2: Loving Kindness
Loving Kindness meditation, otherwise called “Metta”, is a meditation in which we focus on giving and receiving thoughts and feelings of love and kindness. I practised this method with one pivotal twist: I focused on giving and receiving love and kindness to and from my dentist, the very person of whom I was terrified. The more I practised this method, the more I felt my relationship with my dentist changing. Eventually, in my mind, the dentist went from being a demon to a regular, friendly guy who wanted to help me. This made me far less afraid of them, and was pivotal in me eventually getting into the dentist’s chair. Later, I learned that scientific research has highlighted how loving-kindness can change personal biases and enhance social connection .
Vipassana is a form of Buddhist meditation in which we meditate on the breath while labelling thoughts and feelings. If, for instance, we are meditating on the breath when we notice a feeling of anxiety, we will simply label it “Anxiety”. Research has shown that labelling thoughts and emotions makes us less reactive to them . The more I practised this, the more I realised that my thoughts about the dentist were just thoughts, and my emotions just emotions. This helped me to stop being governed by them.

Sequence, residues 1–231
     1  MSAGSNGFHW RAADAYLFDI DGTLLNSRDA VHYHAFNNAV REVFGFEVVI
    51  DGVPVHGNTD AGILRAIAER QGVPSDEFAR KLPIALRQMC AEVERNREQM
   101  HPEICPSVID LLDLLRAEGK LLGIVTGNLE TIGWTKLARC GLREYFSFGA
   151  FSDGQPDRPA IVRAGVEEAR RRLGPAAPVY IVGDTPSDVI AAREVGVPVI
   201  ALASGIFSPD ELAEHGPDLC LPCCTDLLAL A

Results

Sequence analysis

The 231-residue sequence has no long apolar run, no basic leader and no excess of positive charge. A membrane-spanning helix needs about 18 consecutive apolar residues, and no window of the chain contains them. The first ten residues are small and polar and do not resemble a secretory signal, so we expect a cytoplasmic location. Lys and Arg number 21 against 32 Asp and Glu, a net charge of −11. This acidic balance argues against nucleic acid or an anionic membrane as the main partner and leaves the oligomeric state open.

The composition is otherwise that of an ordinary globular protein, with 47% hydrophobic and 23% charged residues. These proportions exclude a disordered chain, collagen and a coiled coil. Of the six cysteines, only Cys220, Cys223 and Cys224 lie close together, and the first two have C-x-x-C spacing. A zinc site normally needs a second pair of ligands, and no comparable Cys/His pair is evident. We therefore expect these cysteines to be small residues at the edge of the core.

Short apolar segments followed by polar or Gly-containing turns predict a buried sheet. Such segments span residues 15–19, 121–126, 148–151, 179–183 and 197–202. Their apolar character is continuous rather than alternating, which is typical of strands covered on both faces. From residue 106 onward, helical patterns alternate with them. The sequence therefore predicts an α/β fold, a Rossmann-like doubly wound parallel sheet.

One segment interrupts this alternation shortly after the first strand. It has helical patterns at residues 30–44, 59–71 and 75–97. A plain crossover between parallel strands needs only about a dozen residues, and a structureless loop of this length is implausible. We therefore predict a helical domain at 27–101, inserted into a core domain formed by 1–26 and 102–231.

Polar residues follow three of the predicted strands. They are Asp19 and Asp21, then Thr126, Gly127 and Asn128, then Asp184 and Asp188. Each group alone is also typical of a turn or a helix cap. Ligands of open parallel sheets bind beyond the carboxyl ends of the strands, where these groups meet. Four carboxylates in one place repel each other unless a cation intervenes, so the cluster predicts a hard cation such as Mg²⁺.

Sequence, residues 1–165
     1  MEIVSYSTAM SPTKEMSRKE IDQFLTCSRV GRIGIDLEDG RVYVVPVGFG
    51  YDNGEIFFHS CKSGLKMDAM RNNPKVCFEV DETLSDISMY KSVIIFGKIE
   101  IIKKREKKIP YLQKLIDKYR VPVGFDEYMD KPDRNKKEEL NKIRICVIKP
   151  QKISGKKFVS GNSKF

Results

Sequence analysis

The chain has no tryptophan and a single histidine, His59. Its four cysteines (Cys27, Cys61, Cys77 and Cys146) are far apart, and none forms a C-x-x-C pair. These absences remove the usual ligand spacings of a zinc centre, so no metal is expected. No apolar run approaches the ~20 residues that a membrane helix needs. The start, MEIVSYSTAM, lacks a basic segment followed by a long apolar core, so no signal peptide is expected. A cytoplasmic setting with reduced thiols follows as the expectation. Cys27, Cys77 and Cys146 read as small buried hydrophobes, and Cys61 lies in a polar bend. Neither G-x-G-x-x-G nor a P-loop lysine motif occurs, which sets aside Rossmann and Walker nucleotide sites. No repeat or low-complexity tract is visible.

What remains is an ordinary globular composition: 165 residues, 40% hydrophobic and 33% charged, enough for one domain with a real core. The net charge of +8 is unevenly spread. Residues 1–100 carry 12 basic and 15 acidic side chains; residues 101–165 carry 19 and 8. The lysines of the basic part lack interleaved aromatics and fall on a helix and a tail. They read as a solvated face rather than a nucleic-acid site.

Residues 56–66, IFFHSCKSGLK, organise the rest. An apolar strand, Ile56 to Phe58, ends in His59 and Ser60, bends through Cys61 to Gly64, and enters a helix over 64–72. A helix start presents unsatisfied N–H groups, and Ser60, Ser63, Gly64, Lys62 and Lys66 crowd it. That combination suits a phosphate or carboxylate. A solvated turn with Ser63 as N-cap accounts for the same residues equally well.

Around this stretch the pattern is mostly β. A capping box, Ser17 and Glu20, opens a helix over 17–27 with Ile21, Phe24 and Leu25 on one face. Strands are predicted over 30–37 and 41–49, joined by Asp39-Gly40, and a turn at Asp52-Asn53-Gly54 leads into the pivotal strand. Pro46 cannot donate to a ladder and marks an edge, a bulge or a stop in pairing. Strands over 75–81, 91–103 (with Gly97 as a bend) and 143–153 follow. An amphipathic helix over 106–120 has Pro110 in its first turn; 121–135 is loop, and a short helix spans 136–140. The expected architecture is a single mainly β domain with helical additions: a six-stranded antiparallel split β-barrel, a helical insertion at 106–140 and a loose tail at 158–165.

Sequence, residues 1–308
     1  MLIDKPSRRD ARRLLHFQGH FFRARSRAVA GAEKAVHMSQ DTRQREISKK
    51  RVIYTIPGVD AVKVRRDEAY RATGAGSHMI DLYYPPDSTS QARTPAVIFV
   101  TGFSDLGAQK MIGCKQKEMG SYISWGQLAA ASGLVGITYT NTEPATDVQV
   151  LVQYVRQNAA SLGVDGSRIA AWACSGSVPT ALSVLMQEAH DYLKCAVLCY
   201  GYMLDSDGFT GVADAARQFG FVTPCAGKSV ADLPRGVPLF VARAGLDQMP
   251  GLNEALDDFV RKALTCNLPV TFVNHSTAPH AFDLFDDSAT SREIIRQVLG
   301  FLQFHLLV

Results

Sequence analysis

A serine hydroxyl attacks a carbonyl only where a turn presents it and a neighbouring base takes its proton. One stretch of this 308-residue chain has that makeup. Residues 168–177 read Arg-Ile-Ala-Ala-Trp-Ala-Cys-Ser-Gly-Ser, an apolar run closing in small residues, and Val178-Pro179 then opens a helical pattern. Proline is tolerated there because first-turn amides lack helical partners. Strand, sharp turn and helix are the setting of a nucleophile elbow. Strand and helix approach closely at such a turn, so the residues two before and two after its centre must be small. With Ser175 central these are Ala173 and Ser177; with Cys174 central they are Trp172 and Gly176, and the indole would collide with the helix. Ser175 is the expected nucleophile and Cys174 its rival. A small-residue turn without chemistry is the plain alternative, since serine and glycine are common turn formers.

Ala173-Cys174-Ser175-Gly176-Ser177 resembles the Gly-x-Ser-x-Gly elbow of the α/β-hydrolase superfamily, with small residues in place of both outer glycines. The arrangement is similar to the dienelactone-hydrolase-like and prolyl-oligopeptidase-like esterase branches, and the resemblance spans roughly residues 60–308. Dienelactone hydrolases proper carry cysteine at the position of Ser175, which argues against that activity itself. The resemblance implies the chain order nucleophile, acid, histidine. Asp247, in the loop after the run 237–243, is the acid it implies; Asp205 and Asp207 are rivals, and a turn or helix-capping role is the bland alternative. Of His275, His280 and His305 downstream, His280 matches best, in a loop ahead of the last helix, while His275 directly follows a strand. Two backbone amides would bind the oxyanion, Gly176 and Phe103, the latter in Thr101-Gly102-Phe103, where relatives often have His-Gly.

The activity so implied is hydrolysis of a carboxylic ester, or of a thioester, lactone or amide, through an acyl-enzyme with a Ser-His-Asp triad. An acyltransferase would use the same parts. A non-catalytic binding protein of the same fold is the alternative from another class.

Through a daily meditation practice, I was able to change the way I felt about the dentist, quell my anxiety, and ultimately, sit in the dentist’s chair and get my tooth ripped out (a wonderful reward!). But if all that sounds gloomy, remember that grey skies turn to sunshine. It was only by going through this personal hell that I discovered meditation and ultimately became a meditation teacher—funny how our worst nightmares lead to pleasant dreams.
Paul Harrison is a passionate meditation teacher who believes in genuine, authentic meditation. He has more than 15 years experience in meditation and mindfulness. He studied meditation in beautiful Oxford, UK, and Hamilton Ontario Canada, and earned his degree at Staffordshire University.
“My goal is to provide the most authentic meditation sessions so you can harness the power of your own mind for personal transformation” – Paul Harrison